WASHINGTON (BP) – The Southern Baptist Convention’s ethics entity called Tuesday (July 26) for the U.S. Senate to oppose legislation that threatens to gain enough Republican support to codify same-sex marriage into law.
In a letter to all senators, Brent Leatherwood, acting president of the Ethics & Religious Liberty Commission (ERLC), urged them to vote against the Respect for Marriage Act (H.R. 8404). The legislation would repeal the 1996 Defense of Marriage Act (DOMA) and require federal and state recognition of same-sex marriages considered legal in the jurisdiction where they took place.
The U.S. House of Representatives approved the measure July 19 in a 267-157 vote, with 47 Republicans joining all the Democratic members in support. If enacted, the bill would essentially place into federal law the U.S. Supreme Court’s 2015 Obergefell v. Hodges decision that legalized gay marriage, though critics warn it could go beyond that ruling to permit recognition of other types of unions.
The Respect for Marriage Act faces the challenge of needing 60 votes in the Senate to overcome a filibuster and gain a floor vote, but several Republicans have indicated their willingness to support it. A survey of senators’ offices published by CNN showed five GOP members will vote for the bill or are likely to do so. If all Democrats support the legislation, only 10 Republicans are needed to cut off debate so a vote on the proposal can occur.
In conveying that the ERLC is “firmly opposed” to the legislation, Leatherwood told senators, “Marriage is an institution created by God, not by man. No individual or government has the authority or ability to supersede its design.”
He wrote, “Marriage requires the specific union of a man and a woman for life (Gen. 2:24). Attempts to misapply or expand the term beyond these distinct parameters go against God’s purpose and will lead people astray from what was meant for our flourishing.”
Religious freedom could be threatened and the definition of marriage could be expanded even beyond same-sex unions if the legislation is enacted, Leatherwood warned.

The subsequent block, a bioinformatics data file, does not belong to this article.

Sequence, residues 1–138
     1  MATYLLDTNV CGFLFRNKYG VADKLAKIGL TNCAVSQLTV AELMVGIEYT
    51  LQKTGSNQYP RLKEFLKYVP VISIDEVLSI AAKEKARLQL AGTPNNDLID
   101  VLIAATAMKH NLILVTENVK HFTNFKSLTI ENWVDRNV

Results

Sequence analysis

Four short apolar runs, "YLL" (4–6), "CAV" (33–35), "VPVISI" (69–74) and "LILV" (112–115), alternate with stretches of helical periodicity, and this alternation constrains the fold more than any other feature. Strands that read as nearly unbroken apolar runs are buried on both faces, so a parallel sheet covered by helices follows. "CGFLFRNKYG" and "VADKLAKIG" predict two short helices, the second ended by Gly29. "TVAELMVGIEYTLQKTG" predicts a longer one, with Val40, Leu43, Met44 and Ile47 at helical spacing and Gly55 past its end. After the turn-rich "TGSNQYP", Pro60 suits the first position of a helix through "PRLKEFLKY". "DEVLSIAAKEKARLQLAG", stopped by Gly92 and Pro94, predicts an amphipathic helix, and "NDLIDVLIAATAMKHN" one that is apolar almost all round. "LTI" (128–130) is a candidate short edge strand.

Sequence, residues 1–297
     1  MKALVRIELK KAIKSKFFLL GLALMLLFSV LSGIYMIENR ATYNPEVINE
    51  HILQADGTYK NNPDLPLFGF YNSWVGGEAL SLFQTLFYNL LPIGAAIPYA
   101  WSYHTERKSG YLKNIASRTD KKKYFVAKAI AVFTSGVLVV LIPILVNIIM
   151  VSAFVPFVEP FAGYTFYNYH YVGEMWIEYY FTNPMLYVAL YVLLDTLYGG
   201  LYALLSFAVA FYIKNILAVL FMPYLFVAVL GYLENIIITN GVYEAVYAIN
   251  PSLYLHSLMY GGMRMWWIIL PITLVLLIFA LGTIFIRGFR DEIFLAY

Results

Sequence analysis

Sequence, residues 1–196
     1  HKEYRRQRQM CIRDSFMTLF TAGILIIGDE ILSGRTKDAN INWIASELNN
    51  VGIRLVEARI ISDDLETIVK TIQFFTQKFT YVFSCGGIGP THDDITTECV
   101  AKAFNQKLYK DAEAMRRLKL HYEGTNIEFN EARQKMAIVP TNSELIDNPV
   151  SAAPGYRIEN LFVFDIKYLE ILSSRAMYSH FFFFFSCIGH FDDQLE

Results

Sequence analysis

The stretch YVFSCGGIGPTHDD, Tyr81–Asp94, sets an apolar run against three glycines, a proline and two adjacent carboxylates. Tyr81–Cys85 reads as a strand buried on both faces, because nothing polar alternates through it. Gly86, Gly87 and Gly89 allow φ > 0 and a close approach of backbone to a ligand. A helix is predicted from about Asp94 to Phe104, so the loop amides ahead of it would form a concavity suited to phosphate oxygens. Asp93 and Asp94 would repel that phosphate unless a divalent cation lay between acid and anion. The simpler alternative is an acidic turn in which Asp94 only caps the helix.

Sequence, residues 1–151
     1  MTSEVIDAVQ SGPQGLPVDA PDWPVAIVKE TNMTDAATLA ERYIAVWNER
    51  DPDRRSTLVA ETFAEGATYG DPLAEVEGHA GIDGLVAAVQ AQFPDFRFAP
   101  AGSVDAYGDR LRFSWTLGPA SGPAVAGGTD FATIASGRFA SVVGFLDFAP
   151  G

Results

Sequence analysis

The bill “raises serious religious liberty concerns for individuals and organizations who maintain [the one-man, one-woman] view of marriage and are in contract with, funded by, or working jointly with the government,” he wrote.
“It also is unclear whether the [legislation] would codify federal recognition to civil marriages that go beyond the scope of two individuals in states that allow it,” Leatherwood wrote, citing the example of Massachusetts cities that legally recognize polygamous relationships. “Given that there’s no limiting principle in this bill, it could potentially include other marriage definitions that a state chooses to adopt.”
The issue “transcends electoral politics,” Leatherwood said in his letter. “For our churches, this is about human flourishing and love for our neighbors.”
Hannah Daniel, the ERLC’s policy manager, told Baptist Press, “Regardless of how quickly our culture changes, we hold fast to the reality that marriage – the union of one man and one woman for life – is an institution created by God for our good and for the flourishing of our society.”
This bill “seeks to codify into law the redefinition and expansion of what marriage is designed to be and provides little protection for those who seek to uphold God’s design,” she said in written comments.